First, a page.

Alphabets: Odds and ends

Death as a cook
Diverse, Cook

Finally we will look at those initial letters that are not mentioned by Douce, and don't belong in any of the other categories.

To the right, Death stirs a pot like a cook — using a large bone. The letter is from an alphabet designed by Hans Holbein and cut in metal by Jakob Faber. Letters from this alphabet appear in August 1520, but the G is from Erasmus' "Familiarium colloquiorum formulae" printed by Froben, 1522.

Death with hourglass
Diverse, Hourglass X

The letter to the left was designed by Hans Holbein and cut by Jakob Faber. It is taken from "En Amice Lector, Thesaurum Damus Inaestimabilem" printed by Froben in 1532. The X functions as a Greek Chi in the word "Christou" — i.e. Christ's.

Skulls and bones
Diverse, Holbein, F

The letter to the right was also designed by Hans Holbein. It is taken from "Das Gantz New testament recht grntlich teutscht" printed by Adam Petri in 1524.

Diverse, Expulsion C
The Fall of Man
Diverse, Fall of man B
The expulsion
Diverse, Creation A

The three letters to the right are from yet another alphabet by Holbein. The theme is the book of Genesis and the three first letters repeat motives from Holbein's great dance of death with Creation, the Fall of Man and the Expulsion.

The letters are big, and the alphabet appears already in 1524 — i.e. the same year as Holbein's more famous dance of death alphabet. In fact both the A and the C appeared in the first book, where Holbein's dance of death alphabet was used.

So-called printer's proof
Diverse, Alphabet Diverse, Alphabet

The sheet to the left is a so-called "printer's proof". This means that all the 24 initials have been reproduced together on a single sheet, which is only printed on one side.

These 24 initials are imitations of Holbeins dance of death alphabet, and so is the sheet itself. Normally these "printer's proofs" didn't have any text, but precisely Holbein's dance of death alphabet was published with a Bible quote at the top and bottom, and a quote for each initial. On the printer's proof with Holbein's dance the quotes were translated into German, but on the sheet to the left they are taken from the Latin Vulgate.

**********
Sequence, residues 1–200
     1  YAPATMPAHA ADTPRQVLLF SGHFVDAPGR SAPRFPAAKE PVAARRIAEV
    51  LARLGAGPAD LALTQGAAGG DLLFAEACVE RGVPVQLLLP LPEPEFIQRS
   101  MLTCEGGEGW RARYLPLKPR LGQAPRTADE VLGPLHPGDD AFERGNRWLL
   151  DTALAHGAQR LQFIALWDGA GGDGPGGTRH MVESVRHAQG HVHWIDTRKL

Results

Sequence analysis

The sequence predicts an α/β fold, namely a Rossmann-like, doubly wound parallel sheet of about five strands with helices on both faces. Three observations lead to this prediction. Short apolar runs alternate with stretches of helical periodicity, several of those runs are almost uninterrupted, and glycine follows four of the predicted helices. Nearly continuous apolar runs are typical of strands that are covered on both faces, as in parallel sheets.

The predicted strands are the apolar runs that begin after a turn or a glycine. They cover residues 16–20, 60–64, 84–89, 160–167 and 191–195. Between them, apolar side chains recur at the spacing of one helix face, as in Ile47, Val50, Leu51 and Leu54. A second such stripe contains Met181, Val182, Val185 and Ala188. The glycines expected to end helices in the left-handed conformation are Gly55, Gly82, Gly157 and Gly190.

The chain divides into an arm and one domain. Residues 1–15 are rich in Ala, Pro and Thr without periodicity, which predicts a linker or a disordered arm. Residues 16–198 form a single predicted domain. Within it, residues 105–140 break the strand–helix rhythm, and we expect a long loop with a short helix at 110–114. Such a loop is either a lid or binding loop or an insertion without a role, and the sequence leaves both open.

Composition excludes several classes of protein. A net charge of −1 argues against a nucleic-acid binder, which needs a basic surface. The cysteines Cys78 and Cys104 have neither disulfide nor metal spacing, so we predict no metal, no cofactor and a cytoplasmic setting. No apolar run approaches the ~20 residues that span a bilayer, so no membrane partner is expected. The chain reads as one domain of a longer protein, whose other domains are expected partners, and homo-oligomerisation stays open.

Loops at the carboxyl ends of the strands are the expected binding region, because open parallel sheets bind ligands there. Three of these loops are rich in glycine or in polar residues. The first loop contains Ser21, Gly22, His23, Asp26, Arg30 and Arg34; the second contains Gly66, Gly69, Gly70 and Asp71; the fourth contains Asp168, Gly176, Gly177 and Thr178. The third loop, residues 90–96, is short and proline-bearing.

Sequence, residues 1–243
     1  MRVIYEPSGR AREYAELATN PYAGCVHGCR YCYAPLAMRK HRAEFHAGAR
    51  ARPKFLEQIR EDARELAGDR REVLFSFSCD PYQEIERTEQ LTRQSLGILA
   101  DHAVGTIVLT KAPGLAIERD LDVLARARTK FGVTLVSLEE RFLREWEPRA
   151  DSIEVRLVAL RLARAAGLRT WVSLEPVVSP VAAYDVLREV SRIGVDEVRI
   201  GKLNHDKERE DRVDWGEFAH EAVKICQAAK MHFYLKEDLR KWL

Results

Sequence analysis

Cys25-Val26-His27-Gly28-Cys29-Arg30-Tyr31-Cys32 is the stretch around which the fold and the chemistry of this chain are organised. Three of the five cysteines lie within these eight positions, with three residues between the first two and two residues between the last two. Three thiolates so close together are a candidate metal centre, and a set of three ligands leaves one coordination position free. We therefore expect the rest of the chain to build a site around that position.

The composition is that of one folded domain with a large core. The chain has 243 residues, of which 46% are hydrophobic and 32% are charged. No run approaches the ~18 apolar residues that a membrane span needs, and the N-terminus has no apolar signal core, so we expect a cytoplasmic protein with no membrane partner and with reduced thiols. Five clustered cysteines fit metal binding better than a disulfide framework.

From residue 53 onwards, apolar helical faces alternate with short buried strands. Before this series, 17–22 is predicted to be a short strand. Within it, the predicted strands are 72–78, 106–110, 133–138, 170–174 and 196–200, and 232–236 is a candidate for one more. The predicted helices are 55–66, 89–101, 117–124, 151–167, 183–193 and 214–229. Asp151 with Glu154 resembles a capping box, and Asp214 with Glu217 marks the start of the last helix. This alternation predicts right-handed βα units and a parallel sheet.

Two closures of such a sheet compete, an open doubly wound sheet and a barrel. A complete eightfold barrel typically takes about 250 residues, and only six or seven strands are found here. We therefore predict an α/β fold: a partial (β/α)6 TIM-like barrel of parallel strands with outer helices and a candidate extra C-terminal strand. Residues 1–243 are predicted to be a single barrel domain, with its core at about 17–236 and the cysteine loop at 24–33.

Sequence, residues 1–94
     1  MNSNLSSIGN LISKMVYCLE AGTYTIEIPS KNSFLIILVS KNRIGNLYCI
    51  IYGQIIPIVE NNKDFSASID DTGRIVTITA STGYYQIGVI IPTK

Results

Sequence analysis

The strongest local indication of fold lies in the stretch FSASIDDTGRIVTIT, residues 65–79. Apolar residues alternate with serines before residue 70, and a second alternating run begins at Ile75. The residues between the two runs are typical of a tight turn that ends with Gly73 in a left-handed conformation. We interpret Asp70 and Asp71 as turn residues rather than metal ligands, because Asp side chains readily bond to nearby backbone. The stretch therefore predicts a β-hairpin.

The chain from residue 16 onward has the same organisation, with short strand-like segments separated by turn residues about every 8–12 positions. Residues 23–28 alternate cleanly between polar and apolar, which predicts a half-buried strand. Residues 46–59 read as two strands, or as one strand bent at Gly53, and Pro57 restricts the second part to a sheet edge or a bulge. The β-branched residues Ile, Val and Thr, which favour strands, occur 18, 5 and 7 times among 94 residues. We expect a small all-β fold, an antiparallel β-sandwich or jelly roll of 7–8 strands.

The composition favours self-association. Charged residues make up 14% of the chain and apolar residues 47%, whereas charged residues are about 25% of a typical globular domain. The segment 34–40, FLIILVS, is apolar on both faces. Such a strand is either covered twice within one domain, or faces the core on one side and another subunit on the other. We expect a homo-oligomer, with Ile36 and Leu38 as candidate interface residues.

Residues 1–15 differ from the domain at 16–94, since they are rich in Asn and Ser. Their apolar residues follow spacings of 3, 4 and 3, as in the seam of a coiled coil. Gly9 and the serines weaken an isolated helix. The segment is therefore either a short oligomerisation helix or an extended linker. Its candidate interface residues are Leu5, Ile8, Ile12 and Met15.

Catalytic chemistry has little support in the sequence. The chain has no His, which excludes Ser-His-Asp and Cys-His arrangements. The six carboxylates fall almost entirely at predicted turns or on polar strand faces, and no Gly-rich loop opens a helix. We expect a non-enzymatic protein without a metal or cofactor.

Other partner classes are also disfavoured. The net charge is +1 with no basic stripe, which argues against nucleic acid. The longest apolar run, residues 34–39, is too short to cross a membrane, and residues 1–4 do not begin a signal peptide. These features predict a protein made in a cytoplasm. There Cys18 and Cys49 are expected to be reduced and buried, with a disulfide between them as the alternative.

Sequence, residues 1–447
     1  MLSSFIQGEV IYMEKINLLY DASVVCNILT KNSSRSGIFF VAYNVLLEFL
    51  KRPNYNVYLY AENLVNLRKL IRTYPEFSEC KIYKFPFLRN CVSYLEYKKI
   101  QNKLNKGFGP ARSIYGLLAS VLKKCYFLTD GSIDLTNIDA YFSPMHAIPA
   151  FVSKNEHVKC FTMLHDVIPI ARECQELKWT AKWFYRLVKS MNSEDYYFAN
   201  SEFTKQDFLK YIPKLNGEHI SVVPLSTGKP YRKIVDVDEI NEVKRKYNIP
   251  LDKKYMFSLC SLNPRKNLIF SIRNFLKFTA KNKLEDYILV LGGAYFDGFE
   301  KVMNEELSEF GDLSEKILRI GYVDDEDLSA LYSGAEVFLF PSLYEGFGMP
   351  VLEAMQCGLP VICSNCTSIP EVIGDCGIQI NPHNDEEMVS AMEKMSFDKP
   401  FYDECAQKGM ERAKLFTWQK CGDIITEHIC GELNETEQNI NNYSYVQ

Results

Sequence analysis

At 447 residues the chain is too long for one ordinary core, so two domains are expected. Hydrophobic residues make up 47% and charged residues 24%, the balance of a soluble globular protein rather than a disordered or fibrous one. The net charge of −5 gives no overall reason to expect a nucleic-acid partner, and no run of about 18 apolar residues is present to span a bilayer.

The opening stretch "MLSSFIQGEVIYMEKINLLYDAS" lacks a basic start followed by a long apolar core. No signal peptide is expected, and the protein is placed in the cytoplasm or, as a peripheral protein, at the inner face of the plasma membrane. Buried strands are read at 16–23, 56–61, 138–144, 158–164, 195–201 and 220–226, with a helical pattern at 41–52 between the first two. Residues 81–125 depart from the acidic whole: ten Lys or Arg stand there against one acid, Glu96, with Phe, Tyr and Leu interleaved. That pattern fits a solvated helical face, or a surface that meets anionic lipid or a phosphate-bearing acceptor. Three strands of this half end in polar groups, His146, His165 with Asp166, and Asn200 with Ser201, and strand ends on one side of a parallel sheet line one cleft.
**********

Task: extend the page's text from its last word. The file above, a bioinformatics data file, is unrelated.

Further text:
This sheet belongs to the British Museum, who writes: Copies of the letters on this sheet, made to the same size, were used in Brunfels' Kraterbuch (Strasbourg, J. Schott, 1531). The Museum is mistaken in this. The letters may be reminiscent of the ones used by Hans Schott, but they are not the same.

Landsknechts, A
Diverse, Landsknecht: A

The picture to the right is from an alphabet with landsknechts. This particular initial was obviously inspired by Holbein's A.

La danse macabre
Diverse, Danse macabre
La dance macabre
Diverse, Dance macabre

Let us finish with some different alphabets. The two images are taken from French reprints from 1862 and 1874.

Go forth

This is the last chapter in the series on dances of death-alphabets in old books.

The previous subject was alphabets mentioned by Douce.

There is a similar section about dances of death in the margins of old books of hours.

Diverse : Alphabet
Diverse : Alphabet
Landsknecht: A
Diverse 1537: Landsknecht: A
Diverse 1520: Cook
Hourglass X
Diverse 1532: Hourglass X
Creation A
Diverse 1543: Creation A
Fall of man B
Diverse 1543: Fall of man B
Expulsion C
Diverse 1543: Expulsion C
Danse macabre
Diverse 1862: Danse macabre
Dance macabre
Diverse 1874: Dance macabre
Holbein, F
Diverse 1524: Holbein, F

Other alphabets

It all started with Holbein's alphabet
Holbein Alphabet, Holbein: M

Hans Holbein (1524)
Wolfgang Kpfl (1526)
Christoph Froschauer (1527)
Mainz and Cologne (1532)
Augsburg (1534)
Johannes Schott (1536)
Greek alphabet (1538)
Andreas Vesalius (1543)
Cologne (1548)
Heinrich Ldel (1849)
Douce reprint (1858)
Douce, revisited
→ Odds and ends